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3 Contemplative Practices that Will Improve Your Writing

by Phileena Heuertz
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Winter has completely set in. It’s cold and snowy outside but warm and cozy in my living room. I’m facing the northeast and the pale sun peeks through my windows as earthy incense wafts through the room. Soft piano music plays in the background while Basil, my 8-month-old cuter-than-ever puppy snoozes on the sofa, offering to be my muse for this day of writing.

Setting has always played an important role in my writing process. The right sights, sounds, and environment are critical to helping me tap into the sometimes-elusive creative wellspring that dwells in my soul.

I’m a soul-writer. And as far as I’m concerned, there’s no better writing.

But tapping into one’s soul sometimes poses a challenge.

I’m also an internal processor. That’s how I navigate the labyrinth of my soul. So when it’s time write, I know that relative solitude, silence, and stillness will be essential for finding my way within.

Solitude, silence, and stillness are three essential qualities of contemplative life. And contemplation is about non-judging observation.

By adopting a contemplative stance, writers observe what is.

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Rather than separating ourselves from what is through judging, analyzing, and criticizing, in contemplation we learn how to be with it, just as it is.

It’s remarkable how wisdom emerges when we can simply be.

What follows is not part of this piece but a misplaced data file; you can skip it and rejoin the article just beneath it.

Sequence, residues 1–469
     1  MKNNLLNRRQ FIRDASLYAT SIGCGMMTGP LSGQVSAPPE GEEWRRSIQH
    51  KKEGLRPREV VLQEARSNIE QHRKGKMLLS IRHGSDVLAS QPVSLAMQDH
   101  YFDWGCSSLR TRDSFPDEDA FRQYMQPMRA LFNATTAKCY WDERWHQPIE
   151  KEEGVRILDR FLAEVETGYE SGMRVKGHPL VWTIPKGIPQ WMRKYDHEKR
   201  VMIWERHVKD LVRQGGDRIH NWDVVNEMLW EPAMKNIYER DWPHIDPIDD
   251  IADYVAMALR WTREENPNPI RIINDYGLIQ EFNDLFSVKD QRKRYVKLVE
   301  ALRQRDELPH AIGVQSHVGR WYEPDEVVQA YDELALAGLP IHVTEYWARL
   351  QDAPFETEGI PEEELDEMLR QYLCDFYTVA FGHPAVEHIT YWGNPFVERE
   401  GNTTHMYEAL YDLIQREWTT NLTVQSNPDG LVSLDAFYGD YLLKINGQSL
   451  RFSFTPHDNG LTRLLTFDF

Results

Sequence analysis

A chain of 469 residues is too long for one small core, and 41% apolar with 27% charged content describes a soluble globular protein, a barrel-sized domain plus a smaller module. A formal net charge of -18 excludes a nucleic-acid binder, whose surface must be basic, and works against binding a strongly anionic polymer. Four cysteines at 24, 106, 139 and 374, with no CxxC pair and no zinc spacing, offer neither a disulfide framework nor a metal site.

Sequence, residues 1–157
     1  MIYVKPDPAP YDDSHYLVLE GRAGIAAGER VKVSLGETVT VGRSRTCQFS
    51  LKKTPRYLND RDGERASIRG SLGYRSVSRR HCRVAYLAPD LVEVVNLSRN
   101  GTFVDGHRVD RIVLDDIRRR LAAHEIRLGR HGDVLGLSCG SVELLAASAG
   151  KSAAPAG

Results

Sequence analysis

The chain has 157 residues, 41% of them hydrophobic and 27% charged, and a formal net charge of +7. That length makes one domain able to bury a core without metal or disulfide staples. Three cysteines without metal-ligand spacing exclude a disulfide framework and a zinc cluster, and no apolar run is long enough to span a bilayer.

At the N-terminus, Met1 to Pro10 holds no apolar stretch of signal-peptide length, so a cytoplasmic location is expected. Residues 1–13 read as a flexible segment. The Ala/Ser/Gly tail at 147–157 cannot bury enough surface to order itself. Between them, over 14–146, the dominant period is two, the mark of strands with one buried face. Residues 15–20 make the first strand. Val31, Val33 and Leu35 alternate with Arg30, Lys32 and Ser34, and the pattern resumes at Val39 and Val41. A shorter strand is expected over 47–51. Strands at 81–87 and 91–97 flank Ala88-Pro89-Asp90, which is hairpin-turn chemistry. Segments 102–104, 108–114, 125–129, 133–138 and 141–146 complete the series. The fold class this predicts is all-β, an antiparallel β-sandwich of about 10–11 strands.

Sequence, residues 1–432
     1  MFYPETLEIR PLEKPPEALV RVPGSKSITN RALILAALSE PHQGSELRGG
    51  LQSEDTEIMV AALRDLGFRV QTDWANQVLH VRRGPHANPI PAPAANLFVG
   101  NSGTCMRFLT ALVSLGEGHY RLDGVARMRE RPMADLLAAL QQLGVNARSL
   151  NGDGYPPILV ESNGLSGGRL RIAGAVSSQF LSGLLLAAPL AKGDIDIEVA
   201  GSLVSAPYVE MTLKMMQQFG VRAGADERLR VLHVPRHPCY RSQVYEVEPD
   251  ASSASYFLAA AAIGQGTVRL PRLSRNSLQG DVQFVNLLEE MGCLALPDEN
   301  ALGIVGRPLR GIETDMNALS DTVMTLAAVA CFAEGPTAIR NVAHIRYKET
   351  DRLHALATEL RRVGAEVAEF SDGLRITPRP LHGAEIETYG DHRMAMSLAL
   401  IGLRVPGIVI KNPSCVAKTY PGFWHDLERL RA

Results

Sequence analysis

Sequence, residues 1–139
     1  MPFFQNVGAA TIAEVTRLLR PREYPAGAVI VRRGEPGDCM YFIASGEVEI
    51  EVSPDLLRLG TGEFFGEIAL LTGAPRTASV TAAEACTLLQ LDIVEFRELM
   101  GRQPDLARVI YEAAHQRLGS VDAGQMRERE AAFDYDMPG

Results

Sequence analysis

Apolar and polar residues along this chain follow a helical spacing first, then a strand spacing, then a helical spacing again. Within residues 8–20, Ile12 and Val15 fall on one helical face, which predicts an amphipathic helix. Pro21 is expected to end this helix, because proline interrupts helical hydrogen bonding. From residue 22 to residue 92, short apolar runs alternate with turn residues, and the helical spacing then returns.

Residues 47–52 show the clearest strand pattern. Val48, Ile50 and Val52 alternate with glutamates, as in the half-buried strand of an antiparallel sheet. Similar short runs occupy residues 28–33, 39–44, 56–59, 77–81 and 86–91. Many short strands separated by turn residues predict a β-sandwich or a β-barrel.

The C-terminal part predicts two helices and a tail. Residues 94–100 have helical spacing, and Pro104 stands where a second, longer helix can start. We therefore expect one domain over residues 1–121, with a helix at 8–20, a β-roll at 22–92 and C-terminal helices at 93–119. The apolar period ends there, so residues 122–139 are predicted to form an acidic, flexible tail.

The following practices help me to do just that—to be. From being-ness, emerges life. And life can then flow in the form of words connected to words that help the reader connect to her or his self and the wider world of meaning and purpose.

Image courtesy of Intervarsity Press

Image courtesy of Intervarsity Press

Meditation
What practitioners have known for centuries in the East, Westerners are just beginning to realize: meditation is good for the mind, body, and spirit.

Meditation frees the mind and can helps a writer to get in touch with a more expansive reality—a reality of truth and meaning that is not limited by the constraints and limitations of the mind.

This practice allows me to write with less inhibition.

Nature Walk
Nature holds much of the wisdom our souls long for, but modernization has a way of cutting us off from this life-source.

Writers have to be ever more intentional to engage with nature.

If we are so fortunate as to have an able-body, then engaging nature by walking is the way to go—no matter how cold it is outside! Every season offers unique perspective.

Like meditation, walking in the natural world has a way of freeing the mind from its small confines. The blue sky, towering trees, and critters of all species remind me that I’m a part of a much larger symphony.

When I take time to be in nature, my part in the music becomes clearer and this clarity is translated to my writing.

Focusing
Focusing is another fantastic practice for freeing the mind and helping your whole self to show up to the task of writing.

Take a few moments to notice the body, heart, and mind with its sensations and commentaries.

Then choose one area to focus on—usually the part that is demanding the most attention: perhaps an ache in the shoulder, a particular emotion in the heart, or a mental tape that plays over and over and over.

Energy follows attention. By settling into the issue in the body, heart, or mind—simply being with it in a welcoming and hospitable way—what was once contracted and distracting begins to soften and let go.

Sometimes this process reveals a hidden treasure that was waiting to be recognized and released.

By working with energy accumulating in the body, life can flow more freely and the result is more productive and meaningful writing.

Wonderful Phileena Quote. Click To Tweet

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Phileena Heuertz is co-founder of Gravity, a Center for Contemplative Activism and author of Pilgrimage of a Soul: Contemplative Spirituality for the Active Life (Intervarsity Press). A spiritual director, yoga teacher, and retreat guide, she writes, speaks, and teaches all over the world on the intersection of contemplation and action.

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